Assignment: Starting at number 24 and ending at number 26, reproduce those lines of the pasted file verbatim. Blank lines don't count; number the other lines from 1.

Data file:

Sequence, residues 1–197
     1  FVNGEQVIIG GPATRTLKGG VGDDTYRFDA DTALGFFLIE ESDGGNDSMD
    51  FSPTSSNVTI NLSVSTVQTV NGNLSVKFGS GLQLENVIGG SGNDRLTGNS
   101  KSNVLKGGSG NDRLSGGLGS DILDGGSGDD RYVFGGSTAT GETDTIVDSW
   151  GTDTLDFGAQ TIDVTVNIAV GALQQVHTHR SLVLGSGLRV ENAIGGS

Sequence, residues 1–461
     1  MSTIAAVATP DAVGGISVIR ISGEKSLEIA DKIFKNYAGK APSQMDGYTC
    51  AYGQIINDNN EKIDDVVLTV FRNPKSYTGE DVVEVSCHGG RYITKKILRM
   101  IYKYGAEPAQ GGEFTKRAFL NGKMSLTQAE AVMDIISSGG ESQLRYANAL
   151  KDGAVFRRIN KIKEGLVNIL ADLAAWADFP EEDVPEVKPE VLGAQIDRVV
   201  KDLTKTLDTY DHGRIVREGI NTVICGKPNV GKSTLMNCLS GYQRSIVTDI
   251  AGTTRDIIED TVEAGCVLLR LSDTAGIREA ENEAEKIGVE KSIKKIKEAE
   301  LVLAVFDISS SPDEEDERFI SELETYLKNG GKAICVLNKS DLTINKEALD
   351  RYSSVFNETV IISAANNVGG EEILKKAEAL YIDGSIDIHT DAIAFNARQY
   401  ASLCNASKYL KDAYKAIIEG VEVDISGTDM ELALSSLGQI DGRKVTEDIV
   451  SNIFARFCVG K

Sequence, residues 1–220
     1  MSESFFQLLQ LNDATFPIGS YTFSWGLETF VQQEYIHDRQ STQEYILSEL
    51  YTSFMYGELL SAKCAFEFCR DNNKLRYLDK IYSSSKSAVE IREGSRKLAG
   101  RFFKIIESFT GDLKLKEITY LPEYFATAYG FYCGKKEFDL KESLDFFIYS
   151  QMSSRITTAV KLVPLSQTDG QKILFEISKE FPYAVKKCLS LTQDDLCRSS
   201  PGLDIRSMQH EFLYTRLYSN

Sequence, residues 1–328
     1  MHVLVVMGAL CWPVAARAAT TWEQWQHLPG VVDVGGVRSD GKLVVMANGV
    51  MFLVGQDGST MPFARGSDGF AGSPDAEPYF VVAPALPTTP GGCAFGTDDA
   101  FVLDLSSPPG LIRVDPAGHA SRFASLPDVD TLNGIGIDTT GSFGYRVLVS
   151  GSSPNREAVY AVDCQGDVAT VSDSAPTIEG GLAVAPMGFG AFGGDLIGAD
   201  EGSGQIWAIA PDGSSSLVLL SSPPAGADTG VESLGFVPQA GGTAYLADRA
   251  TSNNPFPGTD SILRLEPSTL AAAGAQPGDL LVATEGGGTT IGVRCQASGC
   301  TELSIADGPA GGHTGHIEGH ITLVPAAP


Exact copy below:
     1  MHVLVVMGAL CWPVAARAAT TWEQWQHLPG VVDVGGVRSD GKLVVMANGV
    51  MFLVGQDGST MPFARGSDGF AGSPDAEPYF VVAPALPTTP GGCAFGTDDA
   101  FVLDLSSPPG LIRVDPAGHA SRFASLPDVD TLNGIGIDTT GSFGYRVLVS